In the wake of the nation’s twin pandemics of racism and COVID-19, a growing number of communities have declared racism to be a public health crisis. The movement to recognize racism as a public health menace that kills began to gain momentum before COVID-19, with Pittsburgh, Pennsylvania, for example, declaring embedded racism “a public health crisis affecting our entire city” at the end of 2019.
Since the murder of George Floyd, a number of other communities have joined Pittsburgh. Jurisdictions advancing resolutions of this sort just this month include the wine industry community of Napa, California; the city of Bellingham, Washington, two hours north of Seattle; and Detroit, Michigan.
But Hillsborough County, Florida—better known for its faux pirates than its progressive politics—caught our attention. In 2000, a year in which famously official returns found George Bush to have received 537 more votes statewide than Al Gore, Bush carried the county comfortably by a margin of 11,000 votes.
Although politics have shifted since, and Hillsborough County voters supported Hillary Clinton in 2016 by a sizable margin, the community is hardly a liberal bastion. Indeed, the county has been widely viewed as reflecting national norms. A study by American Cities Business Journals in 2004 found the county to be the third-most representative county (closest to the median) of 3,141 counties, with an “uncanny resemblance to the nation in several respects,” including household income, age profile, and education levels.
Today, the seven-member Hillsborough County Commission has just one Black member. That person, Chairman Les Miller Jr., used the occasion of the public health resolution to talk “for eight minutes about the racism he faced personally in Tampa, including growing up in a food desert that likely contributed to long-term medical concerns,” reports C.T. Bowen of the Tampa Bay Times.
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In his remarks, Miller called attention to the persistence of racism in the Tampa Bay region, drawing on this personal experience:
I was racially profiled as late as a year and a half ago. I’m a county commissioner, chair of the county commission; on the back of my car there’s a license plate that says retired State Senate. And the Hillsborough County Sheriff one night pulled my wife and I over. We were coming from a function. [The officer] got out [of] the car, shining his light into my car, all through the back seats and wanted to know where I was coming from or where I was going that time of night.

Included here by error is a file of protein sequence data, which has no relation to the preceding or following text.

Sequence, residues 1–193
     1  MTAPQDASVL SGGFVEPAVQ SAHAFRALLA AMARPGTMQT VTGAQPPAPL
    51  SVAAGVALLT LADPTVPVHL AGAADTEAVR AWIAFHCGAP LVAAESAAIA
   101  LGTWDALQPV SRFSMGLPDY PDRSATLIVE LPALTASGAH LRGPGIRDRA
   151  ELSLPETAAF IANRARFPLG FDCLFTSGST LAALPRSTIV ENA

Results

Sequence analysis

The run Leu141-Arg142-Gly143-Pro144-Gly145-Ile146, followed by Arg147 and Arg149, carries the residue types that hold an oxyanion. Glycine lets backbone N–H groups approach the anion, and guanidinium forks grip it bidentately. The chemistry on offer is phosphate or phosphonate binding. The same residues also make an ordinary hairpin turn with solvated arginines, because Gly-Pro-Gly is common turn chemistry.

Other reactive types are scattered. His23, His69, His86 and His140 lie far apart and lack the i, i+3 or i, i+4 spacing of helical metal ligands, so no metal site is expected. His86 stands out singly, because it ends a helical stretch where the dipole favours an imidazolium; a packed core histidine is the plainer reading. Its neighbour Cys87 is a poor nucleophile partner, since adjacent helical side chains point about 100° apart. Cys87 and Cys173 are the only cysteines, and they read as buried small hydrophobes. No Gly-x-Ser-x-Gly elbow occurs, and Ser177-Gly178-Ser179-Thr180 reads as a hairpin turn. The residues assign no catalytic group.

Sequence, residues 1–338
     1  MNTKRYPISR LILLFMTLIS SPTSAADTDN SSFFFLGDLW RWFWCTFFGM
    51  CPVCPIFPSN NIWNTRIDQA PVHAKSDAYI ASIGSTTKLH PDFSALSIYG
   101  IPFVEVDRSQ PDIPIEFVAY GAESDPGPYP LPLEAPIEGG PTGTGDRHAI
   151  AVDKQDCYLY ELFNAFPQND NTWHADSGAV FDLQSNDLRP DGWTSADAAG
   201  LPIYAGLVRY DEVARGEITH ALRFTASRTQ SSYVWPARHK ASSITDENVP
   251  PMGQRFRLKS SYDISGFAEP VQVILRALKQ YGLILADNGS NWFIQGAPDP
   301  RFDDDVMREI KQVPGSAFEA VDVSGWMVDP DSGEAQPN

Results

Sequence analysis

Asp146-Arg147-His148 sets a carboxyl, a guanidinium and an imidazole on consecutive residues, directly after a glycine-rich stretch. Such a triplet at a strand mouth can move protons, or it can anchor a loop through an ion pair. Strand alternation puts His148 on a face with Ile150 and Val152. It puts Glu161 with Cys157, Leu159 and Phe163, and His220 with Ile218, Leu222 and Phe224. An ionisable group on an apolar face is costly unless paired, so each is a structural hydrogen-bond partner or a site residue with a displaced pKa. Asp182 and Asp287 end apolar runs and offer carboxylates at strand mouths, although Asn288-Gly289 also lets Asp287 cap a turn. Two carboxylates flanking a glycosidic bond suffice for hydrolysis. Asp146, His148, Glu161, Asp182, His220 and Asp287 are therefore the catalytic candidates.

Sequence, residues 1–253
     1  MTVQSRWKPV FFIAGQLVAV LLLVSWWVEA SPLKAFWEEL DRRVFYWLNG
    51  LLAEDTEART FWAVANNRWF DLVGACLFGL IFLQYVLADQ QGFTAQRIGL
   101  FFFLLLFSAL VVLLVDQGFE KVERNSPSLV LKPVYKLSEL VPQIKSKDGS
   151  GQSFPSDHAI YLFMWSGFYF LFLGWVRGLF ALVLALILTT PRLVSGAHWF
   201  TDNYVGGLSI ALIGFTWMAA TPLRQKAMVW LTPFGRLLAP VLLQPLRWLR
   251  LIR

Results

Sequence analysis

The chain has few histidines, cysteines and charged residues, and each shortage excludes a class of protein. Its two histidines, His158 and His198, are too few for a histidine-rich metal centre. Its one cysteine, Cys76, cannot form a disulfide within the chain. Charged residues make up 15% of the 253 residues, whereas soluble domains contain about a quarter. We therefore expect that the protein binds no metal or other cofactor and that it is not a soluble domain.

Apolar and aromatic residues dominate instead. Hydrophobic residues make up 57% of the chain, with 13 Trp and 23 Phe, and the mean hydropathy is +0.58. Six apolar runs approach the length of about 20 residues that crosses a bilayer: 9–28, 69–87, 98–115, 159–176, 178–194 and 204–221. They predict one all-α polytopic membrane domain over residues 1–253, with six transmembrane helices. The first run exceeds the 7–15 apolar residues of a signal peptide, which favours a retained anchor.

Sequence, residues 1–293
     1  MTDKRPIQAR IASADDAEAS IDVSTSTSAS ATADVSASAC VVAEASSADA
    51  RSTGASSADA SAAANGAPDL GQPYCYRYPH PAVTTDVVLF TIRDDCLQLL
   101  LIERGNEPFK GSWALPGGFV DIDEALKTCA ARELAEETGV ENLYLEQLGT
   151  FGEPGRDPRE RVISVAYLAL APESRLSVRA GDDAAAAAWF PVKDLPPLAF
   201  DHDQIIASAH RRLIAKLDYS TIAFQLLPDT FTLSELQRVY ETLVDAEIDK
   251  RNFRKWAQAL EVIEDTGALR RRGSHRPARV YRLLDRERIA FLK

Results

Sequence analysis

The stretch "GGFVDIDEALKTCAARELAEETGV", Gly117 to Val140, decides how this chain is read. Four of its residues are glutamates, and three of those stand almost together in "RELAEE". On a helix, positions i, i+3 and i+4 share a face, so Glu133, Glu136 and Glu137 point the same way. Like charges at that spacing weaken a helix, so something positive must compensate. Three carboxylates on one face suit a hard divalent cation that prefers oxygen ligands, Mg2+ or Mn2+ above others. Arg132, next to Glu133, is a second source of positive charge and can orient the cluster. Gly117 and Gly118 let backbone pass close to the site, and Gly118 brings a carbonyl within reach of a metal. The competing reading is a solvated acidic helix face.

Miller voted for the resolution, but not before noting his skepticism that he was concerned that passing the resolution might be an exercise in symbolism, rather than meaningful policy change. “This should not be about politics,” Miller warned.
The seven-member commission approved the resolution on a 5–0 vote (two commissioners were absent for the session).
After three pages of “Whereas” clauses, the resolution identifies a set of 10 action steps, among which are the following:
- Promote equity through all policies and assert racism is a public health crisis.
- Ensure antiracism principles are applied across county leadership, staffing, and contracting.
- Enhance educational efforts aimed at understanding, addressing and dismantling racism and how it affects the delivery of human and social services, economic development, and public safety.
- Commit to advocating similar policies in other counties through advocacy with the National Association of Counties.
- Support community efforts to address issues of racism and engage actively and authentically with communities of color wherever they live.
- Encourage racial equity training both within the county government and among all community partners, grantees, vendors, and contractors.
The resolution was patterned on a similar resolution that had been adopted by Dallas County, Texas in June. Similar resolutions have also passed in other counties, including DeKalb County, Cobb County, and Gwinnett County—all in the Metro Atlanta region; Mecklenburg County (county seat: Charlotte) in North Carolina; and Montgomery County in Maryland (bordering Washington, DC).—Steve Dubb